In algebra, a **domain** is a nonzero ring in which *ab* = 0 implies *a* = 0 or *b* = 0.^{[1]} (Sometimes such a ring is said to "have the zero-product property".) Equivalently, a domain is a ring in which 0 is the only left zero divisor (or equivalently, the only right zero divisor). A commutative domain is called an integral domain.^{[1]}^{[2]} Mathematical literature contains multiple variants of the definition of "domain".^{[3]}

Algebraic structures |
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- The ring is not a domain, because the images of 2 and 3 in this ring are nonzero elements with product 0. More generally, for a positive integer , the ring is a domain if and only if is prime.
- A
*finite*domain is automatically a finite field, by Wedderburn's little theorem. - The quaternions form a noncommutative domain. More generally, any division ring is a domain, since every nonzero element is invertible.
- The set of all Lipschitz quaternions, that is, quaternions of the form where
*a*,*b*,*c*,*d*are integers, is a noncommutative subring of the quaternions, hence a noncommutative domain. - Similarly, the set of all Hurwitz quaternions, that is, quaternions of the form where
*a*,*b*,*c*,*d*are either all integers or all half-integers, is a noncommutative domain. - A matrix ring M
_{n}(*R*) for*n*≥ 2 is never a domain: if*R*is nonzero, such a matrix ring has nonzero zero divisors and even nilpotent elements other than 0. For example, the square of the matrix unit*E*_{12}is 0. - The tensor algebra of a vector space, or equivalently, the algebra of polynomials in noncommuting variables over a field, is a domain. This may be proved using an ordering on the noncommutative monomials.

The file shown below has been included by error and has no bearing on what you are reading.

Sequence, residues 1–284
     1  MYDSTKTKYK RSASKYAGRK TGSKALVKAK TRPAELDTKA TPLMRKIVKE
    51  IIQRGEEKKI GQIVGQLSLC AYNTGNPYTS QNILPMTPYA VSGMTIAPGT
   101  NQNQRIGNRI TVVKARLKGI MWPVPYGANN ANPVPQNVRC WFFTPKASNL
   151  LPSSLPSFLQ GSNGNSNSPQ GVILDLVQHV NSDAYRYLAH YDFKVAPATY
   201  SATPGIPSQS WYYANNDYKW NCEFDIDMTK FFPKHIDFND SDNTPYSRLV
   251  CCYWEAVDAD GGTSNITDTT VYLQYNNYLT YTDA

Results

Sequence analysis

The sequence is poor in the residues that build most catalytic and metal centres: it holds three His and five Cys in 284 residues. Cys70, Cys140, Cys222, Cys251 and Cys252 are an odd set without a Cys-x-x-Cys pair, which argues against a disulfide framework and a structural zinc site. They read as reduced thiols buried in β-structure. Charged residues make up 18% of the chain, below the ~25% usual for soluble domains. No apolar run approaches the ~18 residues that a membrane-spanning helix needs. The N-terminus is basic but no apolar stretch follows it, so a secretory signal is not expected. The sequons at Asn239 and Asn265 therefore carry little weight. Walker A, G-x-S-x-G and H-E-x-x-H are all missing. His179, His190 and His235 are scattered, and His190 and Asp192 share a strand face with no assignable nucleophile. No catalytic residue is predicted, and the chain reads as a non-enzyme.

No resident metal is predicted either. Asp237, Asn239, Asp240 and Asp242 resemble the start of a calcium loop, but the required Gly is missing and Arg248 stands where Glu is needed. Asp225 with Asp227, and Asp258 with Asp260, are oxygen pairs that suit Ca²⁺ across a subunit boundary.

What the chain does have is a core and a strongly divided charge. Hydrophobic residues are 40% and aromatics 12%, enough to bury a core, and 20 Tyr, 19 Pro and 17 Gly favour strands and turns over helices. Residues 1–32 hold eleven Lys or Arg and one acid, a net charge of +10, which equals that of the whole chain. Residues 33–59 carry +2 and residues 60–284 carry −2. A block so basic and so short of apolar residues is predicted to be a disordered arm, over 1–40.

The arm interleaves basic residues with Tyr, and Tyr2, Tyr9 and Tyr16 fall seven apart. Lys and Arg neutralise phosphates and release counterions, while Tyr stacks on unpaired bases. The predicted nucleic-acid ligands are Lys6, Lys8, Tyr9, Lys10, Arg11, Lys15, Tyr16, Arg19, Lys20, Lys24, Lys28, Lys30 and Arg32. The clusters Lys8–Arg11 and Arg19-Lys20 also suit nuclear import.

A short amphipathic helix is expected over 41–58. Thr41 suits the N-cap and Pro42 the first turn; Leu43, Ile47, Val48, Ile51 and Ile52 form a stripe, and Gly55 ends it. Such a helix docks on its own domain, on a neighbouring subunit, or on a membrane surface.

- If
*R*is a domain and*S*is an Ore extension of*R*then*S*is a domain. - The Weyl algebra is a noncommutative domain.
- The universal enveloping algebra of any Lie algebra over a field is a domain. The proof uses the standard filtration on the universal enveloping algebra and the Poincaré–Birkhoff–Witt theorem.

Suppose that *G* is a group and *K* is a field. Is the group ring *R* = *K*[*G*] a domain? The identity

shows that an element *g* of finite order *n* > 1 induces a zero divisor 1 − *g* in *R*. The **zero divisor problem** asks whether this is the only obstruction; in other words,

- Given a field
*K*and a torsion-free group*G*, is it true that*K*[*G*] contains no zero divisors?

No counterexamples are known, but the problem remains open in general (as of 2017).

For many special classes of groups, the answer is affirmative. Farkas and Snider proved in 1976 that if *G* is a torsion-free polycyclic-by-finite group and char *K* = 0 then the group ring *K*[*G*] is a domain. Later (1980) Cliff removed the restriction on the characteristic of the field. In 1988, Kropholler, Linnell and Moody generalized these results to the case of torsion-free solvable and solvable-by-finite groups. Earlier (1965) work of Michel Lazard, whose importance was not appreciated by the specialists in the field for about 20 years, had dealt with the case where *K* is the ring of p-adic integers and *G* is the *p*th congruence subgroup of GL(*n*, **Z**).

Zero divisors have a topological interpretation, at least in the case of commutative rings: a ring *R* is an integral domain if and only if it is reduced and its spectrum Spec *R* is an irreducible topological space. The first property is often considered to encode some infinitesimal information, whereas the second one is more geometric.

An example: the ring *k*[*x*, *y*]/(*xy*), where *k* is a field, is not a domain, since the images of *x* and *y* in this ring are zero divisors. Geometrically, this corresponds to the fact that the spectrum of this ring, which is the union of the lines *x* = 0 and *y* = 0, is not irreducible. Indeed, these two lines are its irreducible components.